First let me explain what I mean by "transitive"

Suppose that the price of product A and the price of product B has a correlation of .5

Suppose also that the price of product B and product C has a correlation of .5

One might thing that if correlation(A,B) = .5 and correlation(B,C) = .5 then correlation(A,C) > 0, but with an intuitive example we can see why this is not the case:

Suppose that **A** is a fruit salad made of *papaya and banana*, suppose also that **B** is a fruit salad made of *banana and strawberry* and, finally, suppose that **C** is *strawberries and cream*. Clearly, when the price of banana goes up, both the price of **A and B** will go up; when the price of strawberry goes up the price of **B and C** will go up; but since **A** and **C** have no ingredients in common, their price isn't correlated.

My question is which statistical concept captures this intuitive idea. Is it the concept of dimensions?

**What do I mean by transitive?**

Let me define the binary operator X **corr?** Y as 1 if correlation(X,Y) != 0 and 0 otherwise, so:

- A corr? B = 1,
- B corr? C = 1, but
- A corr? C could be = 0

If corr? was transitive, then A corr? C = 1

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#### Best Answer

If the correlations of $A$ to $B$ and $B$ to $C$ are specified, then any value rho_AC such that the $3$ by $3$ matrix of correlations is positive semi-definite is a possible value of rho_AC. Given the correlations of $A$ to $B$ and $B$ to $C$, there will be a minimum and maximum such possible value of rho_AC.

Here is code in CVX under MATLAB which finds the minimum value of rho_AC. The maximum such value is achieved with the identical program, but using maximize rather than minimize. Although it is trivial to find the minimum and maximum possible values of rho_AC in this example, this approach still works quite well as the dimension of the problem increases.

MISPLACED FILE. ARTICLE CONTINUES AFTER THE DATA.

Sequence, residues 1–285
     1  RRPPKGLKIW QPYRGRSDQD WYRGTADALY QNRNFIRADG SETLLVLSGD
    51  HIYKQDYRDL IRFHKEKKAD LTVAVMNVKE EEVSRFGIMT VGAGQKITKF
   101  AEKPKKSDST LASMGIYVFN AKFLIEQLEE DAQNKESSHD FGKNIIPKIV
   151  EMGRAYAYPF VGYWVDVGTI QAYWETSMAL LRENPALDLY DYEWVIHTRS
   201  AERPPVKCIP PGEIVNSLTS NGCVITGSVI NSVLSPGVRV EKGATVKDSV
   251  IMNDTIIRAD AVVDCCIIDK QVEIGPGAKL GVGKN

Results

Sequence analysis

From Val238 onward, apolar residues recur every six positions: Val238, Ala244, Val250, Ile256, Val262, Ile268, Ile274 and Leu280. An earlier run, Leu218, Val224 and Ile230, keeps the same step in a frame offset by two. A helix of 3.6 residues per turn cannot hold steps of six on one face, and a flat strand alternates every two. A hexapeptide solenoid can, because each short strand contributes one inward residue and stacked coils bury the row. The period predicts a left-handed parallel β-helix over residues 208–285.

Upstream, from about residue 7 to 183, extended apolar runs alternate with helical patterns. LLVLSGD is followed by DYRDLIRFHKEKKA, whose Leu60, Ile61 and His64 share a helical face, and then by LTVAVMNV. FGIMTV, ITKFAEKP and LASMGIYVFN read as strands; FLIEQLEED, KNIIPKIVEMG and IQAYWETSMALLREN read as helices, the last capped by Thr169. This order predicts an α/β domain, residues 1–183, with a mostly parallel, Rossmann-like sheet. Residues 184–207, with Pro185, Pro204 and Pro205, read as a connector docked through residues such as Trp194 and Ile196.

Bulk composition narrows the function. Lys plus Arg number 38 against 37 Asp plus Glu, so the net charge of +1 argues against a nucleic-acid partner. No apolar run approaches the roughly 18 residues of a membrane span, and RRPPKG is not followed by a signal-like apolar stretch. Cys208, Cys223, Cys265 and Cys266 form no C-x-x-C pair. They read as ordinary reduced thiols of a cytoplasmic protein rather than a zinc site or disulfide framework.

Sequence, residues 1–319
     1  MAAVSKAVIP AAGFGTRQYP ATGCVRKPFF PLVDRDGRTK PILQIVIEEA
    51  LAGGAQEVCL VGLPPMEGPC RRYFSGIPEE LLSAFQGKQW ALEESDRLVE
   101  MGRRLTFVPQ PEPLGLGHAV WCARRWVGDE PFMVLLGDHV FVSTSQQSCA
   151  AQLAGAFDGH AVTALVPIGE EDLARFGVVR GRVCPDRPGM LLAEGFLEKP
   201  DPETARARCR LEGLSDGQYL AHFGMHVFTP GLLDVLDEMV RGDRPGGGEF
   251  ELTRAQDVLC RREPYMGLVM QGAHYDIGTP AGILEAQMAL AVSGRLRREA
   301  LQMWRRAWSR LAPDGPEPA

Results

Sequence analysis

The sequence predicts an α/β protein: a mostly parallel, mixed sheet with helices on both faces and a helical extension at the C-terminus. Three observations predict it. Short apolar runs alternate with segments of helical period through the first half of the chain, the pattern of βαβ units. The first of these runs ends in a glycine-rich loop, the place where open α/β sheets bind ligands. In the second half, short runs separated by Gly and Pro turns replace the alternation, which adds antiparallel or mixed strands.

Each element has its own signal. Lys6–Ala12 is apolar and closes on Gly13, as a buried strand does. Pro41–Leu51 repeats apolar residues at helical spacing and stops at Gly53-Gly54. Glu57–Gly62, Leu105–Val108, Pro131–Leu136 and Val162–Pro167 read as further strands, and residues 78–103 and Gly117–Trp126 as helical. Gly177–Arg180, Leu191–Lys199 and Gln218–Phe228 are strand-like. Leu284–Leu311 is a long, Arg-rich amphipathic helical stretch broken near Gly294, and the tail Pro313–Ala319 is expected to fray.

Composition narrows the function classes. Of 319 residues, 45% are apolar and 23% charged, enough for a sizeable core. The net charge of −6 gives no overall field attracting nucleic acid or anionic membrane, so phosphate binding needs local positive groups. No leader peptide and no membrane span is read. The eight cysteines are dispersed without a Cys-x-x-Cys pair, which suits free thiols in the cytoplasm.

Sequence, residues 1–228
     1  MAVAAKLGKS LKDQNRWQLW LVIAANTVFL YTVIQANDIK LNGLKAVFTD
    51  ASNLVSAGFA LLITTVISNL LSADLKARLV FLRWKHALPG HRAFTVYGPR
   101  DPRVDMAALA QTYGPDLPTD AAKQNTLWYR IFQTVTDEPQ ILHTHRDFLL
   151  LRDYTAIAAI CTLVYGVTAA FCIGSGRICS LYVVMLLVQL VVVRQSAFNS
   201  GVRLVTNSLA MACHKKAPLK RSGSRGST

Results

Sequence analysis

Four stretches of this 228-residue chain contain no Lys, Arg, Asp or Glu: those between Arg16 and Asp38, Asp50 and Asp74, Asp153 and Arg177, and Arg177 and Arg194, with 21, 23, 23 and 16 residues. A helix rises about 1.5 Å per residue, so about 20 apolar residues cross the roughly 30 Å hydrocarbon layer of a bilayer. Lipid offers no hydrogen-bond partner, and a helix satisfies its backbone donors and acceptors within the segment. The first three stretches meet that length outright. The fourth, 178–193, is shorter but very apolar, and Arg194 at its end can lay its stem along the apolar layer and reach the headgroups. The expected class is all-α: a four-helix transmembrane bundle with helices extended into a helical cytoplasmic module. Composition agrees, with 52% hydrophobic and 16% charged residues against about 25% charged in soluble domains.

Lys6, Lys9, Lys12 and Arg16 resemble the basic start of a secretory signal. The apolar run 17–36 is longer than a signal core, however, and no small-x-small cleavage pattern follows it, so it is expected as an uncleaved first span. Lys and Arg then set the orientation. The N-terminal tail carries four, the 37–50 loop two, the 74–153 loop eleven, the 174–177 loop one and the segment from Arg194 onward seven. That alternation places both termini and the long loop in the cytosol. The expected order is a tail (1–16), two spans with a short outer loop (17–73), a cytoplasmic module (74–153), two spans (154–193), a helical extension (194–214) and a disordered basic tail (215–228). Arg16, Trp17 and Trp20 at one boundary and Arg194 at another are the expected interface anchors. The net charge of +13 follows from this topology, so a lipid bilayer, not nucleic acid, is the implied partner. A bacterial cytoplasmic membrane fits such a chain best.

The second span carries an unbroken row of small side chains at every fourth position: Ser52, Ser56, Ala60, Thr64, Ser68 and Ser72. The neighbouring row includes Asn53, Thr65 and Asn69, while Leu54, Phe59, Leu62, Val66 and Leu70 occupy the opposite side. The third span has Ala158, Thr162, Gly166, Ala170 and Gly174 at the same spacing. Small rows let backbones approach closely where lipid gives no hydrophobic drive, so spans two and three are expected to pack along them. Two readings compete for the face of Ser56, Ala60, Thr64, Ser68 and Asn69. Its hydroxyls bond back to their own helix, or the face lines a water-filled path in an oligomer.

`% rho_AB and rho_BC are MATLAB variable values containing input correlations cvx_begin variable rho_AC minimize(rho_AC) % Next line constrains 3 by 3 correlation matrix to be positive semidefinite [1 rho_AB rho_AC;rho_AB 1 rho_BC;rho_AC rho_BC 1] == semidefinite(3) cvx_end `

Running this program for rho_AB -= 0.5 and rho_BC = 0.5, the minimum possible value for rho_AC is found to be -0.5 and the maximum possible value for rho_AC is found to be 1. Note that although this example is trivially solved without this fancy apparatus, this solution method readily and accurately (numerically stably) also works on higher dimensional problems and other more complicated variants.

Let the positive semi-definite cone be your guide to possible combinations of correlation. **The bottom line is that the 3 dimensional positive semi-definite cone does not satisfy transitivity for its 3rd parameter with respect to the other 2 parameters**. Note that when rho_AB and rho_BC are both non-negative but unequal to each other, the maximum value of rho_AC will be less than $1$.

**Edit**: With regard to your edit after my answer: Consider, for example, your example of corr(A,B) = corr(B,C) = 0.5, which I analyzed above. As shown above, per the mathematics of the positive semi-definite cone, $-0.5 le$ corr(A,C) $le 1$. In particular, corr(A,C) might be equal to $0$ or not.